A vintage that only recently arrived in the UK, it shows a dense, dark, intense purple plum colour. Initially when opened, it was very tight, dark fruited, broody and quite reductive with cassis and struck match spice intermingling with notes of lead pencil, cedar, graphite and sweet leaf. But a few hours in a decanter, and this wine has started to shed its protective layers of armour to reveal a modest glimpse of where this wine will possibly be in 5 to 8 years time. The aromatics are elegant and floral with intriguingly complex notes of grilled herbs, smoked meats, carpaccio, cassis leaf and the most incredibly intense red cherry fruit concentration. The palate too is dense and broody, but incredibly precise and focused, slowly loosening its linear grip to show very elegant fine tannins, delicious vibrant tart red cherry acids, iodine, salty brine, tart cassis and a fantastically cool, smooth elegant persistence. Wow, there is a whole lot of wine in this bottle. Still fantastically youthful, this wine oozes tension, energy, passion and artisanal blood, sweat and tears. A truly remarkable wine that just keeps on opening up revealing more and more nuances the longer it spends in the glass. This is noble Loire Cabernet Franc at its very best.

(Wine Safari Score: 95+/100 Greg Sherwood MW)

Tasting Domaine de la Romanee Conti 2016 New Releases – An Excellent Vintage Born of Tumult and Despair…

After the success of the 2015 vintage at Domaine de la Romanee Conti which Aubert de Villaine described as one of the three most successful vintages ever at the domaine, the wines from 2016 had a seemingly impossible act to follow. In the end, some incredibly beautiful wines were produced … “an unexpected success, which now places 2016 amongst the most perfect vintages of these past few years.” ~ Aubert de Villaine.

While the excellent 2015s were born out of a superb vintage and growing season, the 2016s were the prodigy of a tumultuous season, born out of tumult and even despair at great cost. The winter of 2015-2016 was very mild with none of the usual frosts or snow to cleanse the vineyards of latent pests and diseases. Budburst was early in April and the Spring was also the wettest on record with 516mm (20.31 inches) of rain between January and May making for a very busy time in the vineyard for the Chef de Culture Nicolas Jacob.

A momentary cessation of the dreary weather at the end of April was a false dawn with three days of savage frosts descending upon the vineyards of Montrachet, Batard Montrachet, Echezeaux and Grands Echezeaux, burning off virtually all the young shoots. The remaining vineyards in the DRC holdings were miraculously almost untouched yielding an average crop load of exceptional quality. Readings of anthocyanins and tannins taken around the 18th September were superior to even those in 2015. Harvesting started on the hill of Corton on the 23rd September.

Corton Grand Cru 2016

With an average vine age of 46, the three 2016 Corton vineyards yielded a miserly 22 hl/ha to produce 5,040 bottles. With a deep ruby colour, the aromatics of this wine offer up classically mineral, stony, dusty notes of chalk, limestone, unripe red cherries, small black berries, graphite and a touch of sappy stem spice and pink musk. Unmistakably cool climate Pinot Noir. The palate has fine focus and density, fanning out from the front of the mouth to enliven and invigorate the palate with tart red berry fruits, logan berries, cranberry and tart strawberry, all with a characterful mineral laden under tone. There is plenty of concentration, poise and a generous intensity all finely framed by fresh crunchy acids and powder-fine tannins. A very classy expression of Corton. One of the best ever from DRC?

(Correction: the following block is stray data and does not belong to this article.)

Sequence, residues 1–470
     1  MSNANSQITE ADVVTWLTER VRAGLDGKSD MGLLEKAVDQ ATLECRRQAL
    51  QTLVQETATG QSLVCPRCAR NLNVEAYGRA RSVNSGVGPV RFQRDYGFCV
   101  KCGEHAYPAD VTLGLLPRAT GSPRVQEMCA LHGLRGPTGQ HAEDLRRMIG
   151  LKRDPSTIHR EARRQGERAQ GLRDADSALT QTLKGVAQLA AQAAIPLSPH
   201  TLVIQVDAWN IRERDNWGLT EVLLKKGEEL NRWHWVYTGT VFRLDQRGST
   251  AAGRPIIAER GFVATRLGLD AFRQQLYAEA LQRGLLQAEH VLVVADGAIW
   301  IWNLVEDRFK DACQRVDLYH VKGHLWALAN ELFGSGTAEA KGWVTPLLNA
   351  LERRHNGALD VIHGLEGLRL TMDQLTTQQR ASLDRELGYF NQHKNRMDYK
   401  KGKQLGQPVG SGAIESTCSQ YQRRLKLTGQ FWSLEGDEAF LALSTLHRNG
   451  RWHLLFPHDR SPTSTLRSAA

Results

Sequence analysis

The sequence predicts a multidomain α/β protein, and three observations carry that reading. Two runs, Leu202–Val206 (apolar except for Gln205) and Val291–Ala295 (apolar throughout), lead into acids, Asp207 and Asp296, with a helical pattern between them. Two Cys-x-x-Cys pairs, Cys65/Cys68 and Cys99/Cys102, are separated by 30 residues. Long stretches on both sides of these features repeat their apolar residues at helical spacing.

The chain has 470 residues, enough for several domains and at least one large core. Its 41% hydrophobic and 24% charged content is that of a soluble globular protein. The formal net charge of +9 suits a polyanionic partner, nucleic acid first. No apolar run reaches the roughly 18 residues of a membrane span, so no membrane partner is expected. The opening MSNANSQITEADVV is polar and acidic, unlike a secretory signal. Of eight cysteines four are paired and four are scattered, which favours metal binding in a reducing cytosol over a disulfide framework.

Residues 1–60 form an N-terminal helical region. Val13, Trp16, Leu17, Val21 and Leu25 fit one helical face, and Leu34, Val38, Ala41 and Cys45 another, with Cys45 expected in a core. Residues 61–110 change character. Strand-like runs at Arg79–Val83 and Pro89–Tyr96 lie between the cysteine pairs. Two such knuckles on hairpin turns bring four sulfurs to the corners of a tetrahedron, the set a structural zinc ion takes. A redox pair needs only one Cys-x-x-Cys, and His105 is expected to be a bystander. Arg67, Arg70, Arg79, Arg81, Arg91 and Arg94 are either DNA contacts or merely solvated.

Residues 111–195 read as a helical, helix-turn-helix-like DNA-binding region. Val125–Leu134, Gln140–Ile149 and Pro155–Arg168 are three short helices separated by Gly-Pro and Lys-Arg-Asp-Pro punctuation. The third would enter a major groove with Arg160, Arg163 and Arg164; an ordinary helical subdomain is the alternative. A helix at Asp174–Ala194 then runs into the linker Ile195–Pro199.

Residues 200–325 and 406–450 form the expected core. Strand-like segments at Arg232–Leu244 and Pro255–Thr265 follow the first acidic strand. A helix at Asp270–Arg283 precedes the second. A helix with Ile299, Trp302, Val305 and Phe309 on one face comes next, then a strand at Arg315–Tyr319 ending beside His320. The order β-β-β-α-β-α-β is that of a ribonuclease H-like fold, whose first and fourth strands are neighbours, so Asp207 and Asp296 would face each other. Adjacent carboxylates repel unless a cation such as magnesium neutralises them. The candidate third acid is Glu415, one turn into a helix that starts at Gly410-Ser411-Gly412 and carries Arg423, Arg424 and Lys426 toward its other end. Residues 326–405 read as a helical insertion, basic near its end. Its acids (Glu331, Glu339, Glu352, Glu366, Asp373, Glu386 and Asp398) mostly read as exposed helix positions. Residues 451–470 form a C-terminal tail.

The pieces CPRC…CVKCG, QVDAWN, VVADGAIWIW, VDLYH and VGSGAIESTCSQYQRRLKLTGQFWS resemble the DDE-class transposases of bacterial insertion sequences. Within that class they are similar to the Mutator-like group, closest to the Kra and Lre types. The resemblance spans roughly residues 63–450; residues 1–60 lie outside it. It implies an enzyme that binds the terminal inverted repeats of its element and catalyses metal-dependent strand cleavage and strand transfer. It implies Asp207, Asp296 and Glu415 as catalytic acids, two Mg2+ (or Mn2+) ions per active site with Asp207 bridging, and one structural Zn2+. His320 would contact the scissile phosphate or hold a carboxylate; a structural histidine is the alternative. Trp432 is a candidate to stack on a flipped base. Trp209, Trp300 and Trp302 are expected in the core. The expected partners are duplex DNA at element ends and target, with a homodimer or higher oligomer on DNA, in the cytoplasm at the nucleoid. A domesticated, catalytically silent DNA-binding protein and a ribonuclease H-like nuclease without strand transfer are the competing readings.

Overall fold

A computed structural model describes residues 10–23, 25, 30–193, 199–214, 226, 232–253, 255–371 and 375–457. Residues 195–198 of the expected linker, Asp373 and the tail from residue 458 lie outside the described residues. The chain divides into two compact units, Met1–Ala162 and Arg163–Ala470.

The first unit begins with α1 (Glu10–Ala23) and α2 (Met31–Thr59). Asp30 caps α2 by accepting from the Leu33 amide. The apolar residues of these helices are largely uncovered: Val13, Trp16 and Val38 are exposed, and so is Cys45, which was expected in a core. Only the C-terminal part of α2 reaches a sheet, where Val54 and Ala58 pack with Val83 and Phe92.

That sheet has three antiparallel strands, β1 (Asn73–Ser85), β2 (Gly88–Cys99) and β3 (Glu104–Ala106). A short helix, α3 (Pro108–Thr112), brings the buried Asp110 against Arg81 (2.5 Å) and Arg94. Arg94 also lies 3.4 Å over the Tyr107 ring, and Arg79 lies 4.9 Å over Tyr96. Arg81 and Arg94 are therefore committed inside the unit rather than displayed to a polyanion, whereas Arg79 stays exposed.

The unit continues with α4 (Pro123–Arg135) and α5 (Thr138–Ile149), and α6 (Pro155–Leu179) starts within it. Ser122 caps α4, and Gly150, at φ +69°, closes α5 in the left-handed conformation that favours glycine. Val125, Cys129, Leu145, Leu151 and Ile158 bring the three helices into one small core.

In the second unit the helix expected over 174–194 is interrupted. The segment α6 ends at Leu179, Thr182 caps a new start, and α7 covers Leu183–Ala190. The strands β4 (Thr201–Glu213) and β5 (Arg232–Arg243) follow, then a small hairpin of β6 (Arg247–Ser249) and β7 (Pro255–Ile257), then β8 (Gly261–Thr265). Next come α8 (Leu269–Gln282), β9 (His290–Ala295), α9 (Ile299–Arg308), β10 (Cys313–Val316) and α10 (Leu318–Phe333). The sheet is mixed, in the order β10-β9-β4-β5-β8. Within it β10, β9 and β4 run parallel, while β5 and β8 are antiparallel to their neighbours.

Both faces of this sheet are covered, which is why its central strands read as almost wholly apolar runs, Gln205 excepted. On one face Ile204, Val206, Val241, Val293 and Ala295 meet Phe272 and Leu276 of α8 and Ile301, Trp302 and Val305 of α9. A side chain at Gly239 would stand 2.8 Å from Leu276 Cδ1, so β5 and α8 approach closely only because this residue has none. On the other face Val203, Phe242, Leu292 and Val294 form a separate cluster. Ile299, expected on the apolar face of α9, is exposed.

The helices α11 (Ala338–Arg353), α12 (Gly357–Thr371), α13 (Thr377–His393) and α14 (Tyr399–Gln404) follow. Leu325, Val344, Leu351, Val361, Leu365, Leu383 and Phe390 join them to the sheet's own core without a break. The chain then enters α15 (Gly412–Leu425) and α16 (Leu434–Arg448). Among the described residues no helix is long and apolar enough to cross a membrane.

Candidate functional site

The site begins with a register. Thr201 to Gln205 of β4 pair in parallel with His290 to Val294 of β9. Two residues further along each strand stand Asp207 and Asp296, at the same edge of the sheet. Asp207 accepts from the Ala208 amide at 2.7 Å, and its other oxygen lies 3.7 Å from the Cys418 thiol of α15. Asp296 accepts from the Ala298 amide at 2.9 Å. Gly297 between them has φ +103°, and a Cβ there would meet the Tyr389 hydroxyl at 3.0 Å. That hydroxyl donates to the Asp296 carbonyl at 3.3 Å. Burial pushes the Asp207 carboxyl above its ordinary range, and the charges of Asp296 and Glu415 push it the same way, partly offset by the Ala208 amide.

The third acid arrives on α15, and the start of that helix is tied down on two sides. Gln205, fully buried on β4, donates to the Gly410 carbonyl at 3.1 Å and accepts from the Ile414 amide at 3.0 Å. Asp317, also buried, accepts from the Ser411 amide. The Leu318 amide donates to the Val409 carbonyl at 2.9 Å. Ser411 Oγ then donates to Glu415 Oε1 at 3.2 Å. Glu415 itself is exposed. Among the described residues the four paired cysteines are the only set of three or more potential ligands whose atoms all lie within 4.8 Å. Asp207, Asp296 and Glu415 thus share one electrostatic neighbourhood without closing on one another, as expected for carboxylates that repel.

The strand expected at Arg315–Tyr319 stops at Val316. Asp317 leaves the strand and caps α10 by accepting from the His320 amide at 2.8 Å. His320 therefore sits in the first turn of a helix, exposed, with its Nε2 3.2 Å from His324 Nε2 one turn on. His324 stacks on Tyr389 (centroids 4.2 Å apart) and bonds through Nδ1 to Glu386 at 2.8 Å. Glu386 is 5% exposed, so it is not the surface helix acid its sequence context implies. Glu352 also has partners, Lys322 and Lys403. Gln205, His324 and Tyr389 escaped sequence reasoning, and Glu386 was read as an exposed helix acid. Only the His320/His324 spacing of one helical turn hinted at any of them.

(Wine Safari Score: 96+/100 Greg Sherwood MW)

Echezeaux and Grands Echezeaux were bottled only in Magnum format and not shown for tasting. 980 of the first and 710 of the latter, will be released at a later date. The yields were a spectacularly small 6hl/ha for the Echezeaux vines and 7hl/ha for the Grands Echezeaux vines. No decision has been made on the release date or who they will be offered to.

Romanee St Vivant Grand Cru 2016

The 2016 RSV vines of an average age of 38 years of age yielded a slightly higher 27 hl/ha or 15,648 bottles. Vintage similarities with the Corton continue here with extra powerful, lifted aromatics. Once again there is the ethereal perfume of sweet red and black berries, Parma violets, pink musk, pink rock candy and sappy strawberry cream all underpinned by classical stony mineral and crush limestone dust. The palate texture is supremely polished and harmonious with noticeably rich fruit concentration, a creamy intensity and pin point balance. This is a deliciously opulent headstrong RSV that shows off the vintage’s small yield concentration concisely. Wonderful length, profound sweet and sour cherry and strawberry promise and feminine, dreamy tannins. Very impressive and oh so mouth watering.

(Wine Safari Score: 97+/100 Greg Sherwood MW)

Richebourg Grand Cru 2016

The vines in the DRC Richebourg parcel are now averaging 46 years of age and in 2016 yielded 24 hl/ha or 10,416 bottles. If ever there was a vintage that lends itself to the flamboyance of the DRC Richebourg style, you would imagine that the concentration and power of 2016 to be the perfect moment. Indeed, the nose is bold and opulent, rich and seductive showing a wonderfully lifted melange of red and black crunchy berries, exotic baking herbs, graphite spice and complexing dried tobacco leaf and cigar ash nuances. The palate shows fabulous fruit concentration and vibrant freshness but also clear and evident coiled spring tension and intensity, linear acids and an overall powerful, taught skeleton. The finish suggests great potential but is perhaps a little compressed at the moment. Another thoroughly beguiling, characterful, concentrated Richebourg.